Bottomley G. Treating nocturnal enuresis in children in primary care. Practitioner 2011; 255 (1741):23-26

Treating nocturnal enuresis in children in primary care

21 Jun 2011Pais-up subscribers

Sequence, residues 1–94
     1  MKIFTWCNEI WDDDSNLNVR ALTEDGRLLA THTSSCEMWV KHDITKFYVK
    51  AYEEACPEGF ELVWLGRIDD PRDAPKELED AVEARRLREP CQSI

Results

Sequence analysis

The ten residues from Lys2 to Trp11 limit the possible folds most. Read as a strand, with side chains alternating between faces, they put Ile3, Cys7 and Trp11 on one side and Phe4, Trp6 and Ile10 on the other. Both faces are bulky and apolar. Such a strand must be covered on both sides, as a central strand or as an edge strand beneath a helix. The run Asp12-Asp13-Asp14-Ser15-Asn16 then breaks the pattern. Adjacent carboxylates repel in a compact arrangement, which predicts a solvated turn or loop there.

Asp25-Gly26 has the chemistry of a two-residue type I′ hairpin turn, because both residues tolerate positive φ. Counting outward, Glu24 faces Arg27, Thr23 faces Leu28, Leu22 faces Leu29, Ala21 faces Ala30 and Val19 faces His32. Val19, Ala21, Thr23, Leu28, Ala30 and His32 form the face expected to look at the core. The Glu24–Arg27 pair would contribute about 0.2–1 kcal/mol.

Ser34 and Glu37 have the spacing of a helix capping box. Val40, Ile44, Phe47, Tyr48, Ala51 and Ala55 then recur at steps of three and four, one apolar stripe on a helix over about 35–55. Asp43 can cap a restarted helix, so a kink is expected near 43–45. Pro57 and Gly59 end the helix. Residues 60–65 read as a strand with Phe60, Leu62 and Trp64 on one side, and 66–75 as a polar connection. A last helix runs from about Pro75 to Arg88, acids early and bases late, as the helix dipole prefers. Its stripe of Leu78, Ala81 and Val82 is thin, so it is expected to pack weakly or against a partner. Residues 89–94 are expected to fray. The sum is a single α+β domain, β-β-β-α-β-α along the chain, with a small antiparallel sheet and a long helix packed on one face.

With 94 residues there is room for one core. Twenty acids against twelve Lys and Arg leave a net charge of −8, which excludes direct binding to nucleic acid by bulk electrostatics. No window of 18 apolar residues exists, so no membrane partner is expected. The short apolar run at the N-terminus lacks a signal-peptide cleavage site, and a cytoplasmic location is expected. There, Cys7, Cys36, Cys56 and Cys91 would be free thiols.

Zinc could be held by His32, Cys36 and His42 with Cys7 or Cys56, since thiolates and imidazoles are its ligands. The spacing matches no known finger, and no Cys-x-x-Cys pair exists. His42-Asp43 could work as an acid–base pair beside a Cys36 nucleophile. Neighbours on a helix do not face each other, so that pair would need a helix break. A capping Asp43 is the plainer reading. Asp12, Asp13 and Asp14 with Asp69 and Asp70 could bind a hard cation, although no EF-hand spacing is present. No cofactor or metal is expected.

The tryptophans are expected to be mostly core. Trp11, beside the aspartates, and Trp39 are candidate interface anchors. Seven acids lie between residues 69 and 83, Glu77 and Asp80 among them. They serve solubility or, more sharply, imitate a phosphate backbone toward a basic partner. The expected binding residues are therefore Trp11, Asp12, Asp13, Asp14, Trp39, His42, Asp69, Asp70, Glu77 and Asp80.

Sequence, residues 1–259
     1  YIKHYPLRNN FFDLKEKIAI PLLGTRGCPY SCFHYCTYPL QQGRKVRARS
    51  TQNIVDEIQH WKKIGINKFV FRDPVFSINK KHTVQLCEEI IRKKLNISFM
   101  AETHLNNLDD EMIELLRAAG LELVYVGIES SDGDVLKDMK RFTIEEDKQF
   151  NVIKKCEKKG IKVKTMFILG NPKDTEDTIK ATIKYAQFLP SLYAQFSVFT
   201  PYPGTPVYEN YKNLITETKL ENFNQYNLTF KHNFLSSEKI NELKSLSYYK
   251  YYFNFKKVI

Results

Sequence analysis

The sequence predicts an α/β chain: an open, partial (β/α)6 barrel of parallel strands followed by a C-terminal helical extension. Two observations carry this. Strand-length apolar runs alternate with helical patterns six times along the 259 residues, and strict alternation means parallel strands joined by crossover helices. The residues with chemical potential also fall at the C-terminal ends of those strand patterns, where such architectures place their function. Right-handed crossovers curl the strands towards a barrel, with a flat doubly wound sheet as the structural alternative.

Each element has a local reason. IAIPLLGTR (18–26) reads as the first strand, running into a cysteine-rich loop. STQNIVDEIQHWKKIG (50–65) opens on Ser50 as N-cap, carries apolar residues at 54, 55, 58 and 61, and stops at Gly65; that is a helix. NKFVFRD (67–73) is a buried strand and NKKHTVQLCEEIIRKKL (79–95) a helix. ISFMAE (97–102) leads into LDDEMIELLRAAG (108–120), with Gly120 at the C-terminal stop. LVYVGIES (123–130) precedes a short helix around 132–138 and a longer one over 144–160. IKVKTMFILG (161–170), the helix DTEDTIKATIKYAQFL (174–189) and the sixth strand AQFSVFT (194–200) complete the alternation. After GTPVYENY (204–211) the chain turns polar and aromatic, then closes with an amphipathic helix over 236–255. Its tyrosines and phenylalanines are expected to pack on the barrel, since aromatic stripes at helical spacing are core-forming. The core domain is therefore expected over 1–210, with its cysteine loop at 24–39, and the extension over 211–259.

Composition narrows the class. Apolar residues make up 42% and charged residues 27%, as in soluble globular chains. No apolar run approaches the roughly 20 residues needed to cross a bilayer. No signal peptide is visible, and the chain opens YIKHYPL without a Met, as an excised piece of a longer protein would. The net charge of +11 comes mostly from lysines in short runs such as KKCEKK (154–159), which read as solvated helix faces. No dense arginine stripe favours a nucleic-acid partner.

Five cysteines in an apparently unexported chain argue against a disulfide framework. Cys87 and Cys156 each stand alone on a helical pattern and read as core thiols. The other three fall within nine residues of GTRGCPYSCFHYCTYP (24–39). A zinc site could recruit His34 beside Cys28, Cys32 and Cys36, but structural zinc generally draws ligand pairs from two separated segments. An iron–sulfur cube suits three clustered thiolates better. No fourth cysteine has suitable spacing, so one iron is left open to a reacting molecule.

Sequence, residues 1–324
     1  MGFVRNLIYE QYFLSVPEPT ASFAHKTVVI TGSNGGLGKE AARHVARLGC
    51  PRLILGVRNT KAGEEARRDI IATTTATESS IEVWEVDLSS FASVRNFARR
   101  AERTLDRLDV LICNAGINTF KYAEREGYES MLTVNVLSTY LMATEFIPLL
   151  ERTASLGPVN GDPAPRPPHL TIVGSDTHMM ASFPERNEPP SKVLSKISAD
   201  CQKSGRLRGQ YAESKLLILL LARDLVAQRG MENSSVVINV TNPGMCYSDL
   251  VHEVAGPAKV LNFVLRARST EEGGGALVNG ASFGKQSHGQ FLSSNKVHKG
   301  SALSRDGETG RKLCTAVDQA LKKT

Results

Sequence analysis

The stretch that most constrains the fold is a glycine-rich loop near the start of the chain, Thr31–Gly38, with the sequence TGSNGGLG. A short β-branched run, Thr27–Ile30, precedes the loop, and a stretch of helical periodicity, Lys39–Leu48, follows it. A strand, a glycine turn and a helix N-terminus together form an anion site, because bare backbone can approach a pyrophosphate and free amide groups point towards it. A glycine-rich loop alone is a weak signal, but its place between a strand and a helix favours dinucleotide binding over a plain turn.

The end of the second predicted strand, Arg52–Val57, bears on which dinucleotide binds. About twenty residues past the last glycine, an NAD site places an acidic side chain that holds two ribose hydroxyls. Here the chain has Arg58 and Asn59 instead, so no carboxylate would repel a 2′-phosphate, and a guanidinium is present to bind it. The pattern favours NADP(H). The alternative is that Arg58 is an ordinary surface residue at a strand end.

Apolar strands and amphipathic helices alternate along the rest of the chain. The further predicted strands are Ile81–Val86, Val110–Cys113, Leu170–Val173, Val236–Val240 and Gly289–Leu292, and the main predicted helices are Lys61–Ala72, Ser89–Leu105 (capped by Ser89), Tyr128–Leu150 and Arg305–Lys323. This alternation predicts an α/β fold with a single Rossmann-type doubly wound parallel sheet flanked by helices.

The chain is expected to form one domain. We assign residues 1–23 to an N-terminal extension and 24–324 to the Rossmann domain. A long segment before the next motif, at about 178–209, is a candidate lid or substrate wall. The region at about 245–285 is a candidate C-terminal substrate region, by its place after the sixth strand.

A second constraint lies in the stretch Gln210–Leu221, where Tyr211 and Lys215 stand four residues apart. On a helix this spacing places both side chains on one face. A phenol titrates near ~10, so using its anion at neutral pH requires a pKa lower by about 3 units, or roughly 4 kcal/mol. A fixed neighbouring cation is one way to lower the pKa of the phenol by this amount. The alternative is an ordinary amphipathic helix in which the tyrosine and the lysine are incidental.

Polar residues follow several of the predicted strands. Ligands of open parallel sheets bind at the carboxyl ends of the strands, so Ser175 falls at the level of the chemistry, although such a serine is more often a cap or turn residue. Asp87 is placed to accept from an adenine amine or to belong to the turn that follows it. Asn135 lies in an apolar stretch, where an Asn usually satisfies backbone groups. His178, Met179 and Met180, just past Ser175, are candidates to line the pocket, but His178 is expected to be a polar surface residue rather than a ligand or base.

Nocturnal enuresis is a common condition that can cause much distress to sufferers and their families. It is defined as involuntary wetting while asleep at least twice a week in children over the age of five. Less frequent wetting can be described simply as bedwetting. Primary nocturnal enuresis describes those children who have always been wet. Secondary nocturnal enuresis is defined as a relapse after a child has been completely dry for at least six months. Bedwetting is a very common, and often distressing, condition which can be treated very effectively. Contrary to previous belief, many children do not grow out of it, particularly children with frequent wetting or coexisting bladder dysfunction. Treatment should be instituted in all children over the age of seven years, where desired by the child or parents. Treatment should be considered in children aged five to seven years, especially when wetting is frequent or causing severe family stresses. The NICE quick reference guide for nocturnal enuresis gives more detailed information on treating the condition. [With external links to the evidence base]

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